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July 16, 2018

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Why plastic bag bans triggered such a huge reaction

Gary Mortimer, Queensland University of Technology and Rebekah Russell-Bennett, Queensland University of Technology

Woolworths’ and Coles’ bans on plastic bags have been applauded by environmental groups, but were reportedly met with abuse and assault and claims of profiteering. Even comedians saw value in the theatre of the bag ban.

This reaction is due to supermarkets breaching their “psychological contract” with customers. When both major supermarkets appeared to back flip in the face of irate customers it only compounded the problem”.

Unlike written legal contracts, psychological contracts are a set of “unwritten rules” or “expectations” exchanged between the parties in a transaction. This can be between an employee and employer, or a customer and a retailer.

These understandings are often tacit or implicit. They tend to be invisible, assumed, unspoken, informal or at best only partially vocalised.

The pre-ban psychological contract between supermarket and shopper was something like “I’ll shop with you and, in exchange, you’ll pack my purchases into a free plastic bag.”

There was an implicit financial exchange between parties. Shoppers spent money on groceries and the supermarket paid for providing a plastic bag.

With the bag ban the psychological contract changed: “I’ll shop with you and give up a plastic bag, you’ll also give up plastic in the store in other areas, and the environment will benefit.”

Supermarkets justified phasing out lightweight plastic bags with the idea of a corporate social responsibility strategy. Customers might have been glad to forgo single-use plastic bans to support a greener future, but this is where the problem occurred.

Shoppers began to realise that supermarkets were saving money (by no longer giving away bags for nothing), while they themselves incurred a cost (paying 15 cents or more, depending on the type of re-usable bag).

The supermarkets had not kept up their end of the psychological contract by reducing the use of plastic in the store, particularly in packaging. The social media comments largely reflect this.

When there is a psychological contract breach, people can engage in revenge and retaliation.

This can range from mild, such as venting on social media, to acts of sabotage like altering floor stock and stealing shopping baskets.

Compounding factors

A couple of other factors have compounded the perceived breach of contract.

Unlike smaller states and territories (South Australia, Tasmania, Northern Territory and the ACT) where state legislation has banned single-use plastic bags by all retailers, this was a retailer-imposed national ban.

Shoppers in these smaller states quickly became accustomed to not having free bags, as these were not available anywhere.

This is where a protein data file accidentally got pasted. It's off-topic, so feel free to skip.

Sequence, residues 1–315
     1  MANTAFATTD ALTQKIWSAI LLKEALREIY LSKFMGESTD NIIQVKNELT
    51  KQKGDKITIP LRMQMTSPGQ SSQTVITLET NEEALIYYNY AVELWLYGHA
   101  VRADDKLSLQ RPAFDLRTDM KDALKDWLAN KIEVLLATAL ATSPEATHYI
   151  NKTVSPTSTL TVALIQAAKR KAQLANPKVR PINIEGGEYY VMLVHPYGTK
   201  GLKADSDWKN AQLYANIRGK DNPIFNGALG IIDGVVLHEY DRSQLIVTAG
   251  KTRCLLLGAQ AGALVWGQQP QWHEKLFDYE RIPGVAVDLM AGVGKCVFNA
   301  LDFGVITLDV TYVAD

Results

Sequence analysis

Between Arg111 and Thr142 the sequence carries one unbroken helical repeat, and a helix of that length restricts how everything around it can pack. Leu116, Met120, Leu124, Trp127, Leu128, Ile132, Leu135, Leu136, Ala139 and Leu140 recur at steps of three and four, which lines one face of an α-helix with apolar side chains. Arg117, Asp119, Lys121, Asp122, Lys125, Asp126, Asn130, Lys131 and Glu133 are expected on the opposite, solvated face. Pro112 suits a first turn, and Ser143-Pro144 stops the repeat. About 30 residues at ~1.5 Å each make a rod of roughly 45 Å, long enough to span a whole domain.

By simply backflipping soon after implementing the policy, the supermarkets also prompted shoppers to question their intentions and integrity.

While shoppers may have at first accepted the rationale for the ban, extended free bag periods sent the message that the supermarkets are not that serious about banning plastic bags for environmental reasons.




Read more:
Getting rid of plastic bags: a windfall for supermarkets but it won’t do much for the environment


While Woolworths has said it will channel “money made” from selling its “Bag for Good” scheme into a youth environmental scheme, customers also rightly question the cost savings and revenues generated.

Removing a single-use plastic bag is a positive first step, but it is only the beginning. Customers still walk in to supermarkets today and see many varieties of food wrapped in plastic, and they themselves place loose fruit and vegetables into plastic bags.

As a result of media coverage, customers are now more aware and sensitive of plastics throughout dry grocery departments. They see more and more unnecessary plastic packaging, like dry pasta in a box with a clear plastic window.

Fixing the plastic bag ban

There is certainly enough evidence that removing single-use bags leads to positive environmental outcomes. But a national, uniform approach is needed, supported by consumer awareness and education programs.

While many state and territory governments have legislated plastic bag bans, others have held out. The Victorian government last year announced plans to ban single-use plastic bags, but despite widespread consumer support, it is yet to come into effect.

Supermarkets need to be open about the financial aspects of plastic bags, both costs and revenues.

Consumers may understand the procurement and logistics costs of the replacement plastic bag options will be higher – because the bags are thicker and heavier, and it takes extra time to pack different-sized bag options.




Read more:
How to break up with plastics (using behavioural science)


The distribution of net profits (not gross profits) from the sale of all re-usable bag options should be channelled into sustainability programs, research grants and education schemes. Programs need to be benchmarked, measured and publicly announced.